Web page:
Applications poured in. Homebound employees struggled to balance work and childcare. An employee was cursed by a woman who was rejected for a loan. Appellants confused Capital Good Fund with Capital One Financial Corp.

the for-profit bank.

In March, Mr Posner’s Capital Good Fund announced to its roughly 2,000 borrowers that they could defer payments for up to three months. He had a lot of takers.


Photo:

Kayana Szymczak for The Wall Street Journal

Leonor Tavarez had been a loan officer at the fund for barely a month when she started working from her home in Providence. Her mother, who lives downstairs, has moved up one floor to help care for Ms Tavarez’s seven-year-old daughter. Ms. Tavarez homeschooled her daughter while communicating with clients about their loan applications.

“There was a lot of concern in their voices, not knowing if they would be approved for the loan,” Ms Tavarez said. “I brought a client to tears because she was so upset and worried about her health and future income.”

Michele Hamed contacted the company in early April after her adult son found out about the online loan scheme. Her income dried up in March when the restaurant where she served closed its dining room. His son, a cook in the same restaurant, did not work either.

With two young children also living in their home in Jacksonville, Florida, their finances immediately took a turn for the worse. They ate ramen noodles and bought canned food and cereal from food banks. They drove as little as possible. They loaded toilet paper from the restaurant. “We’re not even middle class,” Ms. Hamed said. “We basically check live to check.”

She received a loan of $1,500 from the Capital Good Fund and her son received $500. They used the money to pay their rent and car loan and buy groceries while they waited for unemployment and stimulus checks to arrive.

On April 7, Capital Good Fund sent another reminder email regarding payment deferrals. The company had already halted payments on nearly 10% of its $5 million in outstanding loans. Mr. Posner predicted that this share could climb to around 15%.

Grant money was pouring in from foundations and banks, but Posner was worried. Many of its donors appeared to be advancing funds that had been earmarked for next year. That likely means less funding in 2021, and it’s not sure the crisis will be over by then. “I think it’s going to be terrible,” he said.

Low-cost loans are another way for nonprofit lenders to fund themselves. With interest rates close to zero, Mr. Posner and his board decided in mid-April that it was time to borrow more. “We want to suck in as much money as possible,” Posner said.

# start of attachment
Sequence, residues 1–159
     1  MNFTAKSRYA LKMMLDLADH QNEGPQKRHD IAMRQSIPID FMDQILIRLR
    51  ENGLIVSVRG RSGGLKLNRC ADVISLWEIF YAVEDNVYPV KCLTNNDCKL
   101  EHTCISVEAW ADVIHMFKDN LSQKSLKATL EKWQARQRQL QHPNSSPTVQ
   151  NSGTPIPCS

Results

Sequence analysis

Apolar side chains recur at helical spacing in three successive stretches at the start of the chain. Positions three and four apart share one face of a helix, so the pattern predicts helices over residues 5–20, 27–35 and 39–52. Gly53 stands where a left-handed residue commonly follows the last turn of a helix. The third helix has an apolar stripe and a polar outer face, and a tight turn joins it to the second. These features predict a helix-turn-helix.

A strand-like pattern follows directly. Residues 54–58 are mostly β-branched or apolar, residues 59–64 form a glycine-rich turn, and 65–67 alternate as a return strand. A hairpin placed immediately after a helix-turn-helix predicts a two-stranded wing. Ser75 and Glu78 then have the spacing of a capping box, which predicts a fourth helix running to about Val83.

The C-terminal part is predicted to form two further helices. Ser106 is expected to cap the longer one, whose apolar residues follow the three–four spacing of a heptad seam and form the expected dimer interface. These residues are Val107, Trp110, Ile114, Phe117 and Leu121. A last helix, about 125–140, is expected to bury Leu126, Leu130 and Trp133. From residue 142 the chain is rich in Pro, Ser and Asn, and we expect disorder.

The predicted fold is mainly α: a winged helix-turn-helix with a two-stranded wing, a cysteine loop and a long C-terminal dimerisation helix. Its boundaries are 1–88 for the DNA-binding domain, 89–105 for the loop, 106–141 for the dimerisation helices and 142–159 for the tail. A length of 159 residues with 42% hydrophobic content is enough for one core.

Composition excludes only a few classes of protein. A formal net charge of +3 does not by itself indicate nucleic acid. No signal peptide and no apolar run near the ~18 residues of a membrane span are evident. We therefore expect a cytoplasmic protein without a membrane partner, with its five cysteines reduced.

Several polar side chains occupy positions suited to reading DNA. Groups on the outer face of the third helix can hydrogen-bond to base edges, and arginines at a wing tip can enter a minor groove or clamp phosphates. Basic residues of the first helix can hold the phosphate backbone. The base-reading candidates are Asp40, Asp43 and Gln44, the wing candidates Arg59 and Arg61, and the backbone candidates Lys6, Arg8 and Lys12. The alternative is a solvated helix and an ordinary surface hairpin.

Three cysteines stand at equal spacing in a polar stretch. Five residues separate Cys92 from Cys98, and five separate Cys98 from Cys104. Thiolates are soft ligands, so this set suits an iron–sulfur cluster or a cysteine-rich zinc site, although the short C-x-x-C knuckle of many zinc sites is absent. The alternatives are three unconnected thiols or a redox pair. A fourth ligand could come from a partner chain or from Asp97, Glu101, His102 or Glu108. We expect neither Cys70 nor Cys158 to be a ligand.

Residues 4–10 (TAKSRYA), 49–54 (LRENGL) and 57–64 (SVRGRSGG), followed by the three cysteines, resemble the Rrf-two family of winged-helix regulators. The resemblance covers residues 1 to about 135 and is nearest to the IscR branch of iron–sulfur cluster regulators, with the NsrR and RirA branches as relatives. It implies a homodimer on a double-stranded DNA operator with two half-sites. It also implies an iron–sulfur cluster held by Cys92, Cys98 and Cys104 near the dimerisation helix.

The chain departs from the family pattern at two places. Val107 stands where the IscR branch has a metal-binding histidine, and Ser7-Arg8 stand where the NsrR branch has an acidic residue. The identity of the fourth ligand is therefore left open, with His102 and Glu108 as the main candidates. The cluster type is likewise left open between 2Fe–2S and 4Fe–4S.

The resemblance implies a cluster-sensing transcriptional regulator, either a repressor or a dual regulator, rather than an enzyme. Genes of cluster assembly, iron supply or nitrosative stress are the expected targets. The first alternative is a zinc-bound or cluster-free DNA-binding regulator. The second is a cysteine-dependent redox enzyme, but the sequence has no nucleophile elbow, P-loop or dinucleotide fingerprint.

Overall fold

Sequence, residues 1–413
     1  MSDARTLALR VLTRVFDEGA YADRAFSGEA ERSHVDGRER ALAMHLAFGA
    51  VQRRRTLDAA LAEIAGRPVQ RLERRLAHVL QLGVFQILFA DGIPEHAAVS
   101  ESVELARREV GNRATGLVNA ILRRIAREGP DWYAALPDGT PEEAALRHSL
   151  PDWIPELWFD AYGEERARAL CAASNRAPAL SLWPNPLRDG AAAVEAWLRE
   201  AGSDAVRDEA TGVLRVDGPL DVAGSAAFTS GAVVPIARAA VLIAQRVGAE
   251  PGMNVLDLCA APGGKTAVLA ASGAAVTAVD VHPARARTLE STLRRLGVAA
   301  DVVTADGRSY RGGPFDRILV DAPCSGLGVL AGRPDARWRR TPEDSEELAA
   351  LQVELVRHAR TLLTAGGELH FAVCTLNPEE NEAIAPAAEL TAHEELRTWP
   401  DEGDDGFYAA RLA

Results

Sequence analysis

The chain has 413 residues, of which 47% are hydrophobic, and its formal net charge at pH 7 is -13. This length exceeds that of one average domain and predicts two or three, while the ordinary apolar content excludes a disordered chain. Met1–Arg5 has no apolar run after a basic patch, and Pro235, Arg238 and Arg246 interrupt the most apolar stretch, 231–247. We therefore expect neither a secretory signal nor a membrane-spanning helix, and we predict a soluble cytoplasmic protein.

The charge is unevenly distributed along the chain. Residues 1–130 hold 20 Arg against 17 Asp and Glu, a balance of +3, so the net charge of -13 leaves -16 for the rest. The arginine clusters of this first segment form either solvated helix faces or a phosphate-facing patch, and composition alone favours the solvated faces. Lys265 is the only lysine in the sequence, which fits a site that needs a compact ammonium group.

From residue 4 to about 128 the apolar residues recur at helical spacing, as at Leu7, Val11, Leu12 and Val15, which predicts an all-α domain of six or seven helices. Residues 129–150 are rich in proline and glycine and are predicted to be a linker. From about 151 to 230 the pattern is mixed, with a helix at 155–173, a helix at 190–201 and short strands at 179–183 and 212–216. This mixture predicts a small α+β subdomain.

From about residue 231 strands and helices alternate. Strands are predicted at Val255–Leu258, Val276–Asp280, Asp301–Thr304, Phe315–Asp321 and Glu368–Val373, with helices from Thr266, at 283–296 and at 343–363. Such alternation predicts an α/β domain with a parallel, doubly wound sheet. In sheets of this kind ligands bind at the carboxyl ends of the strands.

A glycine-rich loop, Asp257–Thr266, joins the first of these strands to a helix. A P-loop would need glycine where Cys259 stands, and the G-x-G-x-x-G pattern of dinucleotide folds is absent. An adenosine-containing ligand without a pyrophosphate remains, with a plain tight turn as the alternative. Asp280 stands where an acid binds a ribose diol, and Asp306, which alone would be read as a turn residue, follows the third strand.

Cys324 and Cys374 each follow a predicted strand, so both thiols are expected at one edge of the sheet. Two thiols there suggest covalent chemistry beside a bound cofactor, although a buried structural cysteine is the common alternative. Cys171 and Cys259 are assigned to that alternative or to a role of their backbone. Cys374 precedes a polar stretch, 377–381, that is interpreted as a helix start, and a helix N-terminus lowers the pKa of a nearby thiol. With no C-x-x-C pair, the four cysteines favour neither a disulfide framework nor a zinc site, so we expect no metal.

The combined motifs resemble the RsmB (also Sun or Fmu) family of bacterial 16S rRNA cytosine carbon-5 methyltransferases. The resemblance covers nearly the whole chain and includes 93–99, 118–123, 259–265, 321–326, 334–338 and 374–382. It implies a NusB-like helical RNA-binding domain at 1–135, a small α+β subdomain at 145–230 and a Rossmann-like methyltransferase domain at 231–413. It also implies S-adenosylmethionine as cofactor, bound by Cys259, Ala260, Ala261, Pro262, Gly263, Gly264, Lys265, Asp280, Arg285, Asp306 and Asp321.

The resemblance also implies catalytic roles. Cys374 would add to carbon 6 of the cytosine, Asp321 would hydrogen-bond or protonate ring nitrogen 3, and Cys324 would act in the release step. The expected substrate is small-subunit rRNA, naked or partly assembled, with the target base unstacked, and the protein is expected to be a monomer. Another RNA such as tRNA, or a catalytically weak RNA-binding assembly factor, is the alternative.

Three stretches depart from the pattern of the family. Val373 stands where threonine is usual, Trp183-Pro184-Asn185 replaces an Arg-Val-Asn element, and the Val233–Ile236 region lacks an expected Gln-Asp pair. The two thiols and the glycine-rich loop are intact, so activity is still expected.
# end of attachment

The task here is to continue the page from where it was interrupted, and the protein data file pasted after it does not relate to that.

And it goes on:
The Capital Good Fund granted 168 loans in April, surpassing its previous monthly record of 143. Most were crisis loans.

Mr. Posner continued to receive more and more requests for help, some from local governments. Could he set up a loan program to help people at risk of losing their health insurance? Could it help people threatened with eviction from social housing?

He had always thought of the Capital Good Fund as a place where people could come and improve their finances. But lately, it’s been like a food bank, handing out small loans that, like a bag of groceries, wouldn’t go very far in a crisis whose effects could linger for years.

“The nonprofit system has never been able to solve all the problems we have,” he said. “But at this point it starts to seem almost futile.”

As of Friday, the company had issued 273 crisis loans. Additionally, 240 borrowers had deferred payments on approximately $792,000 of loans, or 15% of the company’s portfolio.

The company had decided not to send a third notice to remind its borrowers that they could defer payments. Mr. Posner did not want to advertise the option to people who did not need it.

In the coming weeks, many of its borrowers will have to start repaying their loans or ask to extend the deferral. The hope is that they will be on a more stable footing. But companies have continued to lay off millions of workers and much of the economy remains shut down. Many jobs may disappear forever.

Capital Good Fund has increased its reserves against potential losses to 7% of the portfolio, compared to 4% before the pandemic.

Mr Posner is informally budgeting for borrowers to default on 15% of the company’s crisis loans. The company will suffer no loss as long as two-thirds of its borrowers get out.

“It all depends on whether people can go back to work, and I just don’t know,” he said.

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Write to Ben Eisen at [email protected]